Blind Guardian, Nightfall in Middle-Earth (1998)
I think Germany’s Blind Guardian are probably still a little too current to fall into the realm of “classic metal,” but if they were going to enter the discussion, I think 1998’s Nightfall in Middle-Earth would be grounds on its own for consideration. The album followed 1995’s Imaginations from the Other Side, which wasn’t exactly where they made the turn from thrash to power metal, but was just about where they perfected their approach to the latter. What makes Nightfall in Middle-Earth stand out from its predecessor is the complexity and execution of its theme, based around narratives culled from J.R.R. Tolkien‘s The Silmarillion.
If you’ve never read it — I’ll confess that I didn’t get the whole way through — The Silmarillion tells tales of the first age of Middle-Earth, before the coming of men and the decline of the immortal elves. It is essentially a Bible with many gods for the world in which the Lord of the Rings trilogy takes place, and as ever for Tolkien, it’s a world no less winding than it is complete. For Blind Guardian to tackle such a thing wasn’t necessarily new for them even then — as early as 1992’s Somewhere Far Beyond they were referencing Tolkien‘s The Hobbit – but for them to do so with such a narrative thread while still writing songs so stellar as to be highlights of their discography now 16 years later like “Mirror Mirror,” “Nightfall” (“…quietly it crept in and changed us all,” goes the chorus), “Blood Tears” and “Time Stands Still (At the Iron Hill)” feels like twice the achievement. Imaginations from the Other Side is a damn good record, but when it comes to Blind Guardian and everything they’ve embodied as a band ever since, Nightfall in Middle-Earth is a genuine masterpiece.
And though those tracks and others will mark themselves out on any listen, first or 50th, it remains an album best heard front to back, its many interludes and narrative components — some just spoken word over foreboding ambience — feeding into the overall listening experience. This version has a couple bonus tracks tacked onto the end, but even in its bare form, Nightfall in Middle-Earth tops 65 minutes and is no meager undertaking. Like The Silmarillion itself, it is a world to enter and be changed by, and one no less magical. The lineup of the band at that point was vocalist Hansi Kürsch, who as far as I’m concerned deserves mention among the greatest voices in metal regardless of genre, guitarist André Olbrich, rhythm guitarist Marcus Siepen, drummer Thomas Stauch, guest bassist Oliver Holzwarth, and a host of others including keyboardist, choir vocalists, flautist and pianist, and what they created was a sound larger than life that Blind Guardian — with Kürsch, Olbrich and Siepen still at the heart of the band — continues to refine to this day. It was announced today that in 2015, they’ll release a new album on Nuclear Blast called Beyond the Red Mirror, weaving an original fantasy tale set in the same universe as some of the tracks from Imaginations from the Other Side and employing no less than three full choirs and two 90-piece orchestras. They remain unafraid to go big.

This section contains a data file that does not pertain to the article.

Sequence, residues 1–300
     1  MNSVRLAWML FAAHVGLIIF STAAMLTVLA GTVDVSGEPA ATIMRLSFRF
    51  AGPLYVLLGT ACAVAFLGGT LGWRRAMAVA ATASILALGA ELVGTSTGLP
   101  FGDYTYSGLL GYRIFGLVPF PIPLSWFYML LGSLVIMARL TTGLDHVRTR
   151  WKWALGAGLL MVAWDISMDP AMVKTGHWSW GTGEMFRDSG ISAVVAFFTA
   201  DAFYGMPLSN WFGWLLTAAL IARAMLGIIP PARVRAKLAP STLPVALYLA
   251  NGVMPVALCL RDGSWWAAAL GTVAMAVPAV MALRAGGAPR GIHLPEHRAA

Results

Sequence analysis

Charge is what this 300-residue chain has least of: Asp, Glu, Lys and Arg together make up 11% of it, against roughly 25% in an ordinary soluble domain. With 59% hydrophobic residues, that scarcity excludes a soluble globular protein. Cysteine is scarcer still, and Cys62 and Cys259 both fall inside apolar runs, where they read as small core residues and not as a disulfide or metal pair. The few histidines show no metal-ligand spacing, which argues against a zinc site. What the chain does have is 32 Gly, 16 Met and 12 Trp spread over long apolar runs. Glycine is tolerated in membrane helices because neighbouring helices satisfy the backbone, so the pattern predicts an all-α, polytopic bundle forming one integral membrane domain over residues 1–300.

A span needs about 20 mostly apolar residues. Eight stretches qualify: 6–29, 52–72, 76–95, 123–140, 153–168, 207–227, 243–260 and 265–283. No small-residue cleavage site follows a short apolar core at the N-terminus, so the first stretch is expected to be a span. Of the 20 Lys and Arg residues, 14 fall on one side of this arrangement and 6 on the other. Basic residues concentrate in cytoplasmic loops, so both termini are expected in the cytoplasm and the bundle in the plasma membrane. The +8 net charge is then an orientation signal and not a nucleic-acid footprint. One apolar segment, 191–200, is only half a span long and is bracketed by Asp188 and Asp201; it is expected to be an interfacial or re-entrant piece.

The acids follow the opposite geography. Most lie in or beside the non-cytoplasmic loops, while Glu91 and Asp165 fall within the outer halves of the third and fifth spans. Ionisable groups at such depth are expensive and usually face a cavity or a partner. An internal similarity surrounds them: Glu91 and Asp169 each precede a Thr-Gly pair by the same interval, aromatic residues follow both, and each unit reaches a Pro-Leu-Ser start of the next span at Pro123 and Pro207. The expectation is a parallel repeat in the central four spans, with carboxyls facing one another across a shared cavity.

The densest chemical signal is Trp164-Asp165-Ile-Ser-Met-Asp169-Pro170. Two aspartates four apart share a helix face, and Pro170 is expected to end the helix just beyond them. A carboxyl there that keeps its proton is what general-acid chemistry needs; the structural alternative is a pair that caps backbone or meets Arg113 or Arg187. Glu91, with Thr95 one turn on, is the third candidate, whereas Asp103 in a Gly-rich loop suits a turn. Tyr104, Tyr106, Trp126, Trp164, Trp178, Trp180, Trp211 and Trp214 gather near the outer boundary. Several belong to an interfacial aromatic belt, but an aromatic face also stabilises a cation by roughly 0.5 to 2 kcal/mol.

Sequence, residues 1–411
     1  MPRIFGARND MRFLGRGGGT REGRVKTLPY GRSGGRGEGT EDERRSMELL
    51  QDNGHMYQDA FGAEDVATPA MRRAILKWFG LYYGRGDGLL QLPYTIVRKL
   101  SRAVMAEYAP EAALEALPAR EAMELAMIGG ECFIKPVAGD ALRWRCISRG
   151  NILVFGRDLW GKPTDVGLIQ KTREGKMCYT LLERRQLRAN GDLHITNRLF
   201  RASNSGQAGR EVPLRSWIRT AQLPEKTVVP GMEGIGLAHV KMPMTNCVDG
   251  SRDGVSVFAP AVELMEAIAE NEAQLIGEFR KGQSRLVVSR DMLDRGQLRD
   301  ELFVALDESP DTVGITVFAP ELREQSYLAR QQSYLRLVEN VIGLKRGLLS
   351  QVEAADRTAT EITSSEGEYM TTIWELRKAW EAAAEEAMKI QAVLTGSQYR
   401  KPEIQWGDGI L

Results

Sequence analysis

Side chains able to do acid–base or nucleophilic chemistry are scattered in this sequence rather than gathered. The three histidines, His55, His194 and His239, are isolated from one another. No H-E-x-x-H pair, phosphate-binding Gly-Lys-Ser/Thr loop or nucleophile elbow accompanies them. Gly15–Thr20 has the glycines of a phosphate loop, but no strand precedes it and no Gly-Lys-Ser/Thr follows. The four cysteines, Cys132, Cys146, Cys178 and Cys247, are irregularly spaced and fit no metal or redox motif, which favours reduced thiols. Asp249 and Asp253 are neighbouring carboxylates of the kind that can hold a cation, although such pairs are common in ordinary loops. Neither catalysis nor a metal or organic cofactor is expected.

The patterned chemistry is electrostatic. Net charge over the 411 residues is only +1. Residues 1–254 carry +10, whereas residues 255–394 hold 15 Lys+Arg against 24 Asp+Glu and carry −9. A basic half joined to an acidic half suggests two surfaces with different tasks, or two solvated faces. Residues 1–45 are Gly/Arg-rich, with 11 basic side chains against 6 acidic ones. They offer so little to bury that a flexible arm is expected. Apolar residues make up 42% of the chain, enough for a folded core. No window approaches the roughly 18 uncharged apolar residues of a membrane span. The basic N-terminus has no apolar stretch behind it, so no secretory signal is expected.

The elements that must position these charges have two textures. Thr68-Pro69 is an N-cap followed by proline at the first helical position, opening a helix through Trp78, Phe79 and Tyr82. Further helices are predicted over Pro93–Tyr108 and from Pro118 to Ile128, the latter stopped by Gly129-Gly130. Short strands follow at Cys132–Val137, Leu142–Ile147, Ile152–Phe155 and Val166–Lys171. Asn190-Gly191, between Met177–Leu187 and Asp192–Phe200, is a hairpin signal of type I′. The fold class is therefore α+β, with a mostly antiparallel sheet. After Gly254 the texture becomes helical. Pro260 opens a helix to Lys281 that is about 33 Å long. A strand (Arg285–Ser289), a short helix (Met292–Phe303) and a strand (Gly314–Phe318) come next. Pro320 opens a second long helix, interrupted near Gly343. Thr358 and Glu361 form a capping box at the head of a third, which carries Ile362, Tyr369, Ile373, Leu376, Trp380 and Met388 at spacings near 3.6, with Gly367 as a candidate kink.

Hope you enjoy.
Kind of a departure, right? That’s what I was hoping for. Something a little different, but it’s a record I’ve lived with and enjoyed since around the time it came out, so it seemed fair. If you feel like it’s not stoner rock enough, there’s always the radio stream. Plenty of that stuff in there, which I should know because (1:) I put it there and (2:) I listen to that friggin’ thing all the time because it’s badass.
Not my best week. I could elaborate. I’d rather not. Suffice it to say I’m still basically recovering from being on tour — though that ebola seems to have for the most part passed, and for that I’m thankful — and that my poor feeble brain hasn’t really managed to settle back down without feeling like it should be racing off somewhere else. I still have Bang and Pentagram and Radio Moscow and Kings Destroy songs stuck in my head, and it was a little disconcerting today when I scrolled down and realized all those posts were off the frontpage. Things go pretty quick around here, I guess.
Next week, I think I’ll have a stream of the new album by Rhode Island’s Balam at some point. I have a thing Monday — it’s like a job recruitment thing, I don’t really know — in the afternoon that will probably eat up a decent chunk of the day, but I’ll be reviewing the Ufomammut DVD sooner or later and the new Brant Bjork as well. Some vinyl to catch up on too, and a tape from The Heavy Company. I’m also still waiting to get that Lowrider interview back, but one of these days.
In the meantime, it’s down to Connecticut and subsequently New Jersey for family stuff and then back up on Sunday. We actually drove down to Connecticut tonight on I-95, the same route I had the van headed back from Rhode Island the other day. I kept thinking about how dazed I was on that trip, my head just completely somewhere else. It’s an adjustment being home, especially when — and I’ll just be honest here — I don’t have jack shit going on. Not like I went back to work, or went back to doing something with my day. Full speed to dead stop. Me and the dog on the couch, listening to records and reviewing them for nobody to read. Oh, and it’s nighttime at like 4PM now too. Awesome. Things are going really well. Definitely none of that broke-as-shit, 33-years-old-total-failure, what-the-fuck-am-I-doing-this-for stuff going on. Whatever.
Blech, as Woody might say.
I hope you have a great and safe weekend. Enjoy the Blind Guardian, have a good time, don’t break anything you don’t want broken and we’ll see you back here Monday for more of whatever you call this.
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